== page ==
The mTOR (mammalian target of rapamycin) and GCN2 [eukaryotic initiation factor 2 alpha (eIF2α) kinase 4] pathways play critical roles in integrating the organism?s response to insulin, growth factors, energy status, and nutrient availability, and both pathways play key roles in the regulation of translation initiation and thus major roles in regulation of protein synthesis and growth. These pathways provide an interface between nutrient sensing and the regulation of major metabolic responses and, thus, have widespread significance for organismal health, especially as related to diabetes, obesity and cancer. Our long‐term goal is to define the signaling or cross‐talk mechanisms between the ?amino acid sensor? GCN2 and mTOR pathways and to further elucidate the influence of amino acid supply on protein synthesis and insulin signaling. Cross‐talk between mTOR and GCN2 has been reported in yeast and appears to occur in mammalian cells although this has not been directly investigated to any extent. Our preliminary data strongly supports the hypothesis that GCN2 activation by amino acid deprivation (and presumably the activation of other eIF2αkinases by other types of cell stress) will lead to suppression of mTOR signaling both in tissues of whole animals and in cells in culture.
Our specific aims are (1) to determine if GCN2, eIF2αphosphorylation, and/or an increase in activating transcription factor 4 (ATF4) are (is) necessary and/or sufficient for the regulation of S6K and 4E‐BP phosphorylation state (i.e., dephosphorylation in response to amino acid deprivation, or phosphorylation in response to amino acid addition) and the amount of total 4E‐BP in response to amino acids (i.e., increase in total nonphosphorylated 4E‐BP in response to amino acid deprivation);(2) to determine if the decreased phosphorylation of S6K1 and 4E‐BP1 that is observed in response to amino acid deprivation is due to increased action of a phosphatase, to suppressed activity of a kinase, or to a combination of the two, and to determine if a transcriptional target of the eIF2α/ATF4 integrated stress response pathway is responsible for the regulation of S6K1 and 4E‐BP1 phosphorylation state in response to amino acids;and (3) to determine if insulin signaling is impaired in GCN2(‐/‐)cells (or in cells with inactive mutant forms of eIF2αor GADD34) or GCN2(‐/‐) mice due to sustained phosphorylation of S6K, and to determine if GCN2 activation suppresses mTOR target (i.e., S6K and 4EBP) phosphorylation and improves insulin sensitivity (via removal of the feedback inhibition of S6K on insulin signaling) in intact mice. Studies will be carried out in murine embryonic fibroblasts and human liver‐derived cell lines and in whole mice using a variety of approaches including use of cells or animals with loss of function mutations, nutrient‐modified diets or culture medium, and specific inducers of each signaling pathway.

Public Health Relevance

The mTOR and GCN2 pathways play critical roles in integrating the organism?s response to insulin, growth factors, energy status, and nutrient availability and have widespread significance for organismal health. Exploration of cross‐talk between these two nutrient‐sensing pathways will contribute immensely to our full understanding how nutrient deprivation and other stresses signal to both the eIF2αand mTOR pathways to regulate the normal processes of protein synthesis, growth, and stress resistance;to our understanding of how both signaling pathways influence insulin sensitivity, to our understanding of how dysfunction in these pathways due to nutrient overload or other abnormalities contributes to a wide variety of pathological states, including diabetes, obesity and cancer;and to informed use of drug and nutritional therapies to address these pathological states and improve health.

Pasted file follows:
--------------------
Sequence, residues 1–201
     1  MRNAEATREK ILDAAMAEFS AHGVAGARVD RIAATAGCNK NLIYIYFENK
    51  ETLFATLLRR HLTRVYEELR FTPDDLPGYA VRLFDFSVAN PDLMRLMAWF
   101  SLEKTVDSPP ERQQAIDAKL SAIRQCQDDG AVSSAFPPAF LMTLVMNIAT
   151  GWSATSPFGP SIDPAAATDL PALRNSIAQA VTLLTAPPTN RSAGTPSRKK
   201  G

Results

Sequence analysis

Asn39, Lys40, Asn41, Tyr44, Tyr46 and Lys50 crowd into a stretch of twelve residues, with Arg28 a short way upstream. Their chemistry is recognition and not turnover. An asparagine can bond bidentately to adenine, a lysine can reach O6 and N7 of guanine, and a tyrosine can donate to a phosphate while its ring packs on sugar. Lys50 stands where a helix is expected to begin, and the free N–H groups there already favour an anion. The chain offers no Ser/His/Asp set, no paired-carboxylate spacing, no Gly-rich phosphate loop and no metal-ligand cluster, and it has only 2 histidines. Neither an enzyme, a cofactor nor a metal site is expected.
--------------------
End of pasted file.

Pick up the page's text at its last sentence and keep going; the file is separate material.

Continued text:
National Institute of Health (NIH)
National Institute of Diabetes and Digestive and Kidney Diseases (NIDDK)
High Priority, Short Term Project Award (R56)
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Integrative Nutrition and Metabolic Processes Study Section (INMP)
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Silva, Corinne M
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Cornell University
Schools of Earth Sciences/Natur
United States
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Mazor, Kevin M; Dong, Leiming; Mao, Yuanhui et al. (2018) Effects of single amino acid deficiency on mRNA translation are markedly different for methionine versus leucine. Sci Rep 8:8076
Mazor, Kevin M; Stipanuk, Martha H (2016) GCN2- and eIF2?-phosphorylation-independent, but ATF4-dependent, induction of CARE-containing genes in methionine-deficient cells. Amino Acids 48:2831-2842
Sikalidis, Angelos K; Mazor, Kevin M; Lee, Jeong-In et al. (2014) Upregulation of capacity for glutathione synthesis in response to amino acid deprivation: regulation of glutamate-cysteine ligase subunits. Amino Acids 46:1285-96
Sikalidis, Angelos K; Mazor, Kevin M; Kang, Minji et al. (2013) Total 4EBP1 Is Elevated in Liver of Rats in Response to Low Sulfur Amino Acid Intake. J Amino Acids 2013:864757